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Published: 2005-06-22 00:00:00

Environment Waikato will now begin consultation with communities about the best ways of safeguarding water quality in the Region, following the Environment Court’s rejection of a challenge to its proposed Regional Plan.

In a case involving debate about the best way to protect water quality in the Waikato River and other waterways in the Region, the Ecologic Foundation (formerly the Maruia Society) had appealed against provisions in Environment Waikato’s proposed Regional Plan related to fertiliser use and nutrient runoff.

However, after a brief hearing, the Environment Court ruled that Ecologic did not have jurisdiction to seek its proposed changes to the Regional Plan.

“This means we will now get on with the consultation process with our communities about ways of maintaining and enhancing water quality standards throughout the Region,” Environment Waikato chairman Jenni Vernon said.

She said that both Environment Waikato and Ecologic believed that regulations were needed to limit fertiliser use in sensitive catchments – but they had disagreed about the best way to achieve this objective, and also the list of which catchments were considered “sensitive”.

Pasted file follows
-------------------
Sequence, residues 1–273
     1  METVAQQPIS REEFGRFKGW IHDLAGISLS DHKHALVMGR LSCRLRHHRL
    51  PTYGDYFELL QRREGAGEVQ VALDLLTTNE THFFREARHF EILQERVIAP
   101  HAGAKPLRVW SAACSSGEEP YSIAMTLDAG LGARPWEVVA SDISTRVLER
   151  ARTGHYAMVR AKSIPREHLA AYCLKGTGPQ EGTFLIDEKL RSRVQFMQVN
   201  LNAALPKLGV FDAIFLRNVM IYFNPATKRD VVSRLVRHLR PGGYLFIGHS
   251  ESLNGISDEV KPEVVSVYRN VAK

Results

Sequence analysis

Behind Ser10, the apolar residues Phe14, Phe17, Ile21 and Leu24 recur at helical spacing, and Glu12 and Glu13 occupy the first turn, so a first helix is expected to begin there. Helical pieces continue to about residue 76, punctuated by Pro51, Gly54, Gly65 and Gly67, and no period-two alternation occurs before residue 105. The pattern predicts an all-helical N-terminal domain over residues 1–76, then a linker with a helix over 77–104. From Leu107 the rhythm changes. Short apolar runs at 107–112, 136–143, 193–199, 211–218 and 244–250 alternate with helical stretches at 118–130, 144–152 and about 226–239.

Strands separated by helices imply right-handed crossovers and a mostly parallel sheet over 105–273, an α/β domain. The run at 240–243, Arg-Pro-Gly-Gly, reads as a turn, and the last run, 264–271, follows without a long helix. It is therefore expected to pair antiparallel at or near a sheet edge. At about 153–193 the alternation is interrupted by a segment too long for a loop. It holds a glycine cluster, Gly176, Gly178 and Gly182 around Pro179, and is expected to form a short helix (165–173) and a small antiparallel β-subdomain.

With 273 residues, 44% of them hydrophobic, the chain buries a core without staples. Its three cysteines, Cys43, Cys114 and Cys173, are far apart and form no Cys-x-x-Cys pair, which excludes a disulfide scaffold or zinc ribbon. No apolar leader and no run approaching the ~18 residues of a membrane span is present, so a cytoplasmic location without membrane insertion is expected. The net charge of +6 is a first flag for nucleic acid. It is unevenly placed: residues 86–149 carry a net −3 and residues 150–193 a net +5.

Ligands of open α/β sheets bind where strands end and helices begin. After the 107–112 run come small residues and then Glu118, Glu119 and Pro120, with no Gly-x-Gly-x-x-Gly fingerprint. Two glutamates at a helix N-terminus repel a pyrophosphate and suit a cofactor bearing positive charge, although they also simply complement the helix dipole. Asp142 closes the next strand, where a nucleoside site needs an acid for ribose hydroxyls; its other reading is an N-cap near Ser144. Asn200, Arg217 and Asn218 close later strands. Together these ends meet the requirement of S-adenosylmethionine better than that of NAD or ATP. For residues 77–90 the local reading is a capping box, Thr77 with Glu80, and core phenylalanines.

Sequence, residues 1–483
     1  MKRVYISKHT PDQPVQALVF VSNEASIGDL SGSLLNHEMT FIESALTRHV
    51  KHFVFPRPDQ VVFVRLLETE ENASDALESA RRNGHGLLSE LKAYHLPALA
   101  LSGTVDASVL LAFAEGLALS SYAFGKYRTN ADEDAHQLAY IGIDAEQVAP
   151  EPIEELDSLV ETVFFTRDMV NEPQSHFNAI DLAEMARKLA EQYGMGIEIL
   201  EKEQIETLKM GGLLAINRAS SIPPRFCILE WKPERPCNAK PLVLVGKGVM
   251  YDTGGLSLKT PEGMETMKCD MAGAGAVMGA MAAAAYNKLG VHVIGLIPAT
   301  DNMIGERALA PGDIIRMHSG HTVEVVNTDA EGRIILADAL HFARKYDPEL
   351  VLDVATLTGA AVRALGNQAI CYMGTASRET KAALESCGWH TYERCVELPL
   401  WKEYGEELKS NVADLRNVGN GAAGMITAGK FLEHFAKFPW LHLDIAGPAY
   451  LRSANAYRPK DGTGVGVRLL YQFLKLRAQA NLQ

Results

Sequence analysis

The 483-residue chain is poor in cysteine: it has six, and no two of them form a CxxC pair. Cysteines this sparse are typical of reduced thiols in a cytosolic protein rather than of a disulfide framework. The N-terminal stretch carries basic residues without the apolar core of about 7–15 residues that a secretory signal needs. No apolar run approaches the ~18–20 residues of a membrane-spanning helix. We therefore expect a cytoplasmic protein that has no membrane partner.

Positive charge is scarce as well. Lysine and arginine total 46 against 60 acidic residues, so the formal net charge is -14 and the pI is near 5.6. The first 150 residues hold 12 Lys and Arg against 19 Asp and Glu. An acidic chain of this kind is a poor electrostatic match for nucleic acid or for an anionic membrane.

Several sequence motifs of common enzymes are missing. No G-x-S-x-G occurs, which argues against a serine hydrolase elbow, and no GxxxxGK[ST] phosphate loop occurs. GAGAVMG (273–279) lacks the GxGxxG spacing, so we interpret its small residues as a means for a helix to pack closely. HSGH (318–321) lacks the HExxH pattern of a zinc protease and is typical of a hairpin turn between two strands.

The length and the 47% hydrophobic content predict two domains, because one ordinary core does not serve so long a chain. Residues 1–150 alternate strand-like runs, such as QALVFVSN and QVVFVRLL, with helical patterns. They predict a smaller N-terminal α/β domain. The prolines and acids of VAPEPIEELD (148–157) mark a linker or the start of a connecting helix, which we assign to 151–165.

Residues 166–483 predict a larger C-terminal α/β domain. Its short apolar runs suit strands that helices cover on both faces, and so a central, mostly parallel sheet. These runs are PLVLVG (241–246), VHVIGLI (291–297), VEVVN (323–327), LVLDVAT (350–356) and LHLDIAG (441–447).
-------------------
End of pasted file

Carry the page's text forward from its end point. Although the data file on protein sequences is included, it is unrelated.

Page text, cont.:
“At Environment Waikato, we know it is important to consult the farming community first before introducing rules to limit nitrogen run-off into sensitive catchments – where such rules prove to be necessary,” she said.

“Ecologic, on the other hand, had suggested in their appeal that this process would take too long. They were seeking to have rules put into place this year for priority catchments, with a proviso that farmers be given till 2007 to get their nutrient budget plans in place.”

She said that Environment Waikato believed community consultation was vital for getting the farming community on board and actively supportive of the need to reduce nutrient run-off.

“We believe that if we are going to impose rules on the farming community, then they have the right to have their say on those rules.

“Just like the Smokefree legislation, if people understand the reasons why controls are being imposed, then they are much more likely to be supportive.”

Now that the Ecologic appeal had been rejected, Environment Waikato would proceed with its process of community consultation about the best ways of maintaining and enhancing water quality.